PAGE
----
Happy people: What in the world is their secret? Are they wired differently? Or are they just luckier than many of us? 2014 was a roller coster ride of experiences, most of which where not that great. I have never been so anxious to see a year pass. So much so that my intent for 2015 is to be happy.
Whenever I come across a concept that I want to integrate into my life I always start with, what is it? I look at a number of definitions. I follow-up with research from a variety of sources, including: science, psychology, religion and of course spiritual that provide me a better ability to understand the causes and effects of my topic. Finally, I determine how I can incorporate what I have learned into my life.
So exactly what is being “happy”? First of all, most of us probably do not think we need a formal definition of happiness; and that we know it when we feel it. I have learned that happiness is a fuzzy concept and can mean many different things to people. Research on happiness indicates a number of similar concepts, ideas and theories, including: that it is personal, covers a range of positive and pleasant emotions, it deals with your overall life satisfaction and that it is partially genetic. The good news is, you have the ability to control how you feel—and with consistent practice, you can form life-long habits for a more satisfying and fulfilling life. The following are the top seven methods shared by most studies.
They make exercise a priority. Exercise has been shown to ease symptoms of depression, anxiety and stress, thanks to the the various brain chemicals that are released that amplify feelings of happiness and relaxation. Plus, working out makes us appreciate our bodies more. One study published in the Journal of Health Psychology found that exercise improved how people felt about their bodies — even if they didn’t lose weight or achieve noticeable improvements. If you don’t have your physical energy in good shape, then your mental energy (your focus), your emotional energy (your feelings), and your spiritual energy (your purpose) will all be negatively affected.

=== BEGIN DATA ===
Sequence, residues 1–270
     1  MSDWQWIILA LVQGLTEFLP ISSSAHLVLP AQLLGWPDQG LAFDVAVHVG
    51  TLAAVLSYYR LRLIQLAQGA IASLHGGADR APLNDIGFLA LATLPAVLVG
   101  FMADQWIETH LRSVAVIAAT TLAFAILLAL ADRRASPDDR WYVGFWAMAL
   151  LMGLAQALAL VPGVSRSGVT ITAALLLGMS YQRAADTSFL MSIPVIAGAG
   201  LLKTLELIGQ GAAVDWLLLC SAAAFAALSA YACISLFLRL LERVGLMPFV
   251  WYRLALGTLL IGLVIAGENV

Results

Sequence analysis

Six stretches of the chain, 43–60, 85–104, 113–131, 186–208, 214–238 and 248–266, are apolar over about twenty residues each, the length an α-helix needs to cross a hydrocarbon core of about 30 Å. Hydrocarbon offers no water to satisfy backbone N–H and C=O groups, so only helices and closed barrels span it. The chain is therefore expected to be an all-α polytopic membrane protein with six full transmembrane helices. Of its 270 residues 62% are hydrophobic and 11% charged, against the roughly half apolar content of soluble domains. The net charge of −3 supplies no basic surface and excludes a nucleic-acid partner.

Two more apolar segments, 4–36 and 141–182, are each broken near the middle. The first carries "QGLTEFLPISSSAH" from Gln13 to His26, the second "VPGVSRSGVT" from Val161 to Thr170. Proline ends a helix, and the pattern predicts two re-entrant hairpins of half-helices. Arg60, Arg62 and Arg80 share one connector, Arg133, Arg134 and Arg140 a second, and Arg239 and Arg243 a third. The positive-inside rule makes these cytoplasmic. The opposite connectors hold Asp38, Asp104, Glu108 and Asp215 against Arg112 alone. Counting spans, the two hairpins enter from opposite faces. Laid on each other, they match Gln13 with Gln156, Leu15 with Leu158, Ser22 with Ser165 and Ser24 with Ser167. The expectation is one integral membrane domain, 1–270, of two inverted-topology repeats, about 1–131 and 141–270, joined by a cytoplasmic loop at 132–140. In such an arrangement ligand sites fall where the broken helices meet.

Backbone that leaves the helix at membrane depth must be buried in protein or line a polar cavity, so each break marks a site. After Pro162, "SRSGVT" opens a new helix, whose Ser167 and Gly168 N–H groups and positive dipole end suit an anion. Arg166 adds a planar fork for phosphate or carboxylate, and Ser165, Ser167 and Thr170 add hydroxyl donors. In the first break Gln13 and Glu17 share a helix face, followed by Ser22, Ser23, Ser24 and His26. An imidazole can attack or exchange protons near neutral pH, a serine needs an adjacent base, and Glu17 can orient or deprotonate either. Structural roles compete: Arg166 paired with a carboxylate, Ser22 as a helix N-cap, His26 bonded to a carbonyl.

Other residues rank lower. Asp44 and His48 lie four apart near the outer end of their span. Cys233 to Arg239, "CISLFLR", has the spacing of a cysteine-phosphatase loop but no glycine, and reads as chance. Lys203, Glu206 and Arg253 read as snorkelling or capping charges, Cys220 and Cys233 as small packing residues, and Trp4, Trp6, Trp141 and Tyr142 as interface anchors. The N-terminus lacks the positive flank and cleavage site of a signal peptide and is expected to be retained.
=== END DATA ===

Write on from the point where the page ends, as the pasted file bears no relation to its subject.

They let themselves loose track of time. When you’re immersed in an activity that is simultaneously challenging, invigorating and meaningful, you experience a joyful state called “flow.” Flow is a state in which it feels like time stands still. It’s when you’re so focused on what you’re doing that you become one with the task. Action and awareness are merged. You’re not hungry, sleepy, or emotional. You’re just completely engaged in the activity that you’re doing. Nothing is distracting you or competing for your focus. As explained by Pursuit-of-happiness.org, “In order for a Flow state to occur, you must see the activity as voluntary, enjoyable (intrinsically motivating), and it must require skill and be challenging (but not too challenging) with clear goals towards success.”
They put themselves first. Happy people know self-love isn’t selfish. They put their needs first because they see the power of showing up fully for others. When you take care of yourself, you help everyone else. If you sacrifice your needs in order to help others, you’re only showing up as half of yourself.
Practice spirituality. When we practice spirituality or religion, we recognize that life is bigger than us. We surrender the silly idea that we are the greatest thing ever. It enables us to connect to the source of all creation and embrace a connectedness with everything that exists. Some of the most accomplished people I know feel that they’re here doing work they’re “called to do.”
They are flexible. Even the best laid plans sometimes don’t always go as hoped. Being able to adjust to change will help prevent disappointment. While this may not come easy to you, by simply becoming aware of your inner dialogue, you can begin to change your go-to responses. People who feel at peace with their life recognize everything has a time and place. Relationships, jobs and experiences are all part of a bigger plan. Happy people recognize life is a balancing act between holding on and letting go — and they’re comfortable releasing things that no longer serve them.
They don’t need you to like them in other words, “What other people think about you is none of your business.” The happiest people I know don’t care what others say or think about them. We can get so bogged down in worrying about how we are or might be judged. At the end of the day, you’re the only one living your life. The only thing that matters is that you like yourself. This self-confident, infectious energy often attracts a lot of people.
Reprinted from my October 2015 Art of Life column in the Capital City Hues newspaper.
One thought on “7 Habits of Happy People”
Now that I am approaching 60, that “not needing others to like them” part is FINALLY getting a lot easier! HAHA!!